1. The Morasthite, or of Maresheth, a village near Eleutheropolis, in the west of Judah; the seventh in order of the lesser prophets. He prophesied under Jotham, Ahaz, and Hezekiah, kings of Judah, for about fifty years, if with some we reckon from near the beginning of the reign of Jotham, to the last year of Hezekiah B. C. 750-698. He was nearly contemporary with Isaiah, and has some expressions in common with him. Compare Isa 2:2 with Mic 4:1, and Isa 41:15 with Mic 4:13. His bold fidelity served as a shield to the prophet Jeremiah a century afterwards, Jer 26:18-19; Mic 3:12. He wrote in an elevated and vehement style, with frequent transitions. His prophecy relates to the sins and judgments of Israel and Judah, the destruction of Samaria and Jerusalem, the return of the Jews from captivity, and the punishment of their enemies. He proclaims the coming of the Messiah, "whose going forth have been from of old, from everlasting," as the foundation of all hope for the glorious and blessed future he describes; and specifies Bethlehem in Judah as the place where He should be born of woman, Mic 5:2-3. The prediction was thus understood by the Jews, Mt 2:6; Joh 7:41-42.
2. An Ephraimite in the time of the Judges, soon after Joshua, who stole eleven hundred shekels of silver from his mother, but restored them, and with her consent employed them in establishing a private sanctuary, with an image to be used in the worship of Jehovah, and with a Levite for his priest. Providence frowned on his idolatrous service, and a troop of Danites robbed him of his priest and of all implements of worship, Jg 17:13.
a shortened form of Micaiah, who is like Jehovah? (1.) A man of Mount Ephraim, whose history so far is introduced in Jg 17, apparently for the purpose of leading to an account of the settlement of the tribe of Dan in Northern Palestine, and for the purpose also of illustrating the lawlessness of the times in which he lived (Jg 18; 19:1-29; 21:25).
(2.) The son of Merib-baal (Mephibosheth), 1Ch 8:34-35.
(3.) The first in rank of the priests of the family of Kohathites (1Ch 23:20).
(4.) A descendant of Joel the Reubenite (1Ch 5:5).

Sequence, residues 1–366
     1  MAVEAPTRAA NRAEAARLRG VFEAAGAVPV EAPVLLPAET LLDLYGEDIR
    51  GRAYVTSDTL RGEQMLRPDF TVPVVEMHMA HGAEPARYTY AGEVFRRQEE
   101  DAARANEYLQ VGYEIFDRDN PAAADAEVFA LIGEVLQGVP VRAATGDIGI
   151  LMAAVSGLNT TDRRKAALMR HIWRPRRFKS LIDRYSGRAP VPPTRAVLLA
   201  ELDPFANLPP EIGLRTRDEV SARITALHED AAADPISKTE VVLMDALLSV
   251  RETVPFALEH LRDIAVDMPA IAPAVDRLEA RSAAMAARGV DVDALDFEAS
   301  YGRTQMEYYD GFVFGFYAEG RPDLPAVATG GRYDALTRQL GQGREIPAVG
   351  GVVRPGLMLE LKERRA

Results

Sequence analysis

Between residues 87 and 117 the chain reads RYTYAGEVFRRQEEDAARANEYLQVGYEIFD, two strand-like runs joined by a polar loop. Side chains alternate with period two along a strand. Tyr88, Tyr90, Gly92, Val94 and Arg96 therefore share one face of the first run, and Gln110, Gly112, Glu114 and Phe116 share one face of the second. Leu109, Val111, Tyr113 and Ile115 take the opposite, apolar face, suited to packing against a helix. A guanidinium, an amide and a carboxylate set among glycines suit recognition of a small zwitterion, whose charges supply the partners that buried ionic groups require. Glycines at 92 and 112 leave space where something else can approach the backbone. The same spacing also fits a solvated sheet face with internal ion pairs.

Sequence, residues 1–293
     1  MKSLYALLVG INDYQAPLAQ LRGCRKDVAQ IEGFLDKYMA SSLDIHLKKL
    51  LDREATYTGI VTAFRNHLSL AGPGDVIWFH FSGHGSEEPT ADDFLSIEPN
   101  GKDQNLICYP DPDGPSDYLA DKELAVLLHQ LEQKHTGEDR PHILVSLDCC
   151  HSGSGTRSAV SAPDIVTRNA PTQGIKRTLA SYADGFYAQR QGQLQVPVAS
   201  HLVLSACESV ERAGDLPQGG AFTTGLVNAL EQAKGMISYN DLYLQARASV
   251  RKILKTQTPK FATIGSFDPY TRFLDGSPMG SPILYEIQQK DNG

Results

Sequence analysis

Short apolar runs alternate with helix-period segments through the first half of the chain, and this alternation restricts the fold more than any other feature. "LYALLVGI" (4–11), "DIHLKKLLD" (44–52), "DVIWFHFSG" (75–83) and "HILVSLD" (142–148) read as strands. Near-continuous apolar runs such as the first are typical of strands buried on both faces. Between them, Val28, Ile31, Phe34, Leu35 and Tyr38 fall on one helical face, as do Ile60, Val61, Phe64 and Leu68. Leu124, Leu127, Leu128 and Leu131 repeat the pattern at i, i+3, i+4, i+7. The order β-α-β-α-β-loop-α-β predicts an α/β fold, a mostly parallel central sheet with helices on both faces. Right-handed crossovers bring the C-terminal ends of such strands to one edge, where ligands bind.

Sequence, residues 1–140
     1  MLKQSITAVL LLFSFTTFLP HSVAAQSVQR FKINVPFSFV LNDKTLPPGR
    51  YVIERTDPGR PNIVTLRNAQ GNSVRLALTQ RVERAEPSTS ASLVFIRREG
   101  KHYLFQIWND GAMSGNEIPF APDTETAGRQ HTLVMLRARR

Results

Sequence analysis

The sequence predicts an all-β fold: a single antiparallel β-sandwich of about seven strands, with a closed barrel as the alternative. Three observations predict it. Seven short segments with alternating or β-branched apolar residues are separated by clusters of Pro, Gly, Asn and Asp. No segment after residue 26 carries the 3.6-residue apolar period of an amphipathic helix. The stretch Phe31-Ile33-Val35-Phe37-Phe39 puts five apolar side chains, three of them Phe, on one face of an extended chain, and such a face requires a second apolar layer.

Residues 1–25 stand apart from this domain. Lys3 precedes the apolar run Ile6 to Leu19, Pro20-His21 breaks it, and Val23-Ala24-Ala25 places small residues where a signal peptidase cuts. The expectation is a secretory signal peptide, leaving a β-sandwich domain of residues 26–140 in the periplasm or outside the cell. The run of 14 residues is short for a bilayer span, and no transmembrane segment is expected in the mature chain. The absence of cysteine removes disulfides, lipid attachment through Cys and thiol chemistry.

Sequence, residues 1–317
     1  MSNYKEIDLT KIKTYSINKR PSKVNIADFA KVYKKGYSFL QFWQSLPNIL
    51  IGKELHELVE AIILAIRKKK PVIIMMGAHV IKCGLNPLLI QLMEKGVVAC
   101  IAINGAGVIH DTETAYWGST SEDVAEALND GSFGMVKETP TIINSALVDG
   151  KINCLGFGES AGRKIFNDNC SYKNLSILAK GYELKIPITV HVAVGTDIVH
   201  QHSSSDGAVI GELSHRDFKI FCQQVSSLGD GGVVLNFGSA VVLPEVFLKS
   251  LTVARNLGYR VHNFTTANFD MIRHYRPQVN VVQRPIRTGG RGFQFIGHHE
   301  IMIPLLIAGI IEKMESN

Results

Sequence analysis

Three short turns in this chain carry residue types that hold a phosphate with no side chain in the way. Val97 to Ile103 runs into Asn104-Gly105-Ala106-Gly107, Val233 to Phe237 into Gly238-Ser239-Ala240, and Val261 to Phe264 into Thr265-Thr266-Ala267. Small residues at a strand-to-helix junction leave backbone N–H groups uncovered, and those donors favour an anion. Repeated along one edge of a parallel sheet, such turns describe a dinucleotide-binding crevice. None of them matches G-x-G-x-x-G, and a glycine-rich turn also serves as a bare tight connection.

(5.) "The Morasthite," so called to distinguish him from Micaiah, the son of Imlah (1Ki 22:8). He was a prophet of Judah, a contemporary of Isaiah (Mic 1:1), a native of Moresheth of Gath (Mic 1:14-15). Very little is known of the circumstances of his life (comp. Jer 26:18-19).
1. Of Mount Ephraim. (See JONATHAN .) The date of the event is implied as before Samson, for the origin of the name Mahaneh Dan occurs in this narrative (Jg 18:12) and it is mentioned as already so named in Samson's childhood (Jg 13:25, margin). Josephus places the synchronous narrative of the Levite and his concubine at the beginning of the judges. Phinehas, Aaron's grandson, is mentioned (Jg 20:28). The narrative was written after the monarchy had begun (Jg 18:1; 19:1), while the tabernacle was still at Shiloh, not yet moved by David to Jerusalem (Jg 18:31).
2. MICAH THE PROPHET. The oldest form of the name was Mikaiahuw, "who is as Jah?" (compare MICHAEL.) In Mic 7:18 Micah alludes to the meaning of his name as embodying the most precious truth to a guilty people such as he had painted the Jews, "who is a God like unto Thee that pardon iniquity," etc. Sixth of the minor prophets in the Hebrew canon, third in the Septuagint. The Morasthite, i.e. of Moresheth, or Moresheth Gath (near Gath in S.W. of Judaea), where once was his tomb, but in Jerome's (Ep. Paulae 6) days a church, not far from Eleutheropolis. Micah prophesied in the reigns of Jotham, Ahaz, and Hezekiah somewhere between 756 and 697 B.C. Contemporary with Isaiah in Judah, with whose prophecies his have a close connection (compare Mic 4:1-3 with Isa 2:2-4, the latter stamping the former as inspired), and with Hosea and Amos during their later ministry in Israel.
His earlier prophecies under Jotham and Ahaz were collected and written out as one whole under Hezekiah. Probably the book was read before the assembled king and people on some fast or festival, as certain elders quoted to the princes and people assembled against Jeremiah (Jer 26:18) Mic 3:12, "Micah the Morasthite in the days of Hezekiah, and spoke to all the people of Judah, Thus saith the Lord of hosts, Zion shall be plowed like a field, and Jerusalem shall become heaps, and the mountain of the house as the high places of a forest. Did Hezekiah put him ... to death? Did he not fear the Lord and besought the Lord, and the Lord repented Him of the evil which He had pronounced against them?" The idolatries of Ahaz' reign accord with Micah 's denunciations. He prophesies partly against Israel (Samaria), partly against Judah.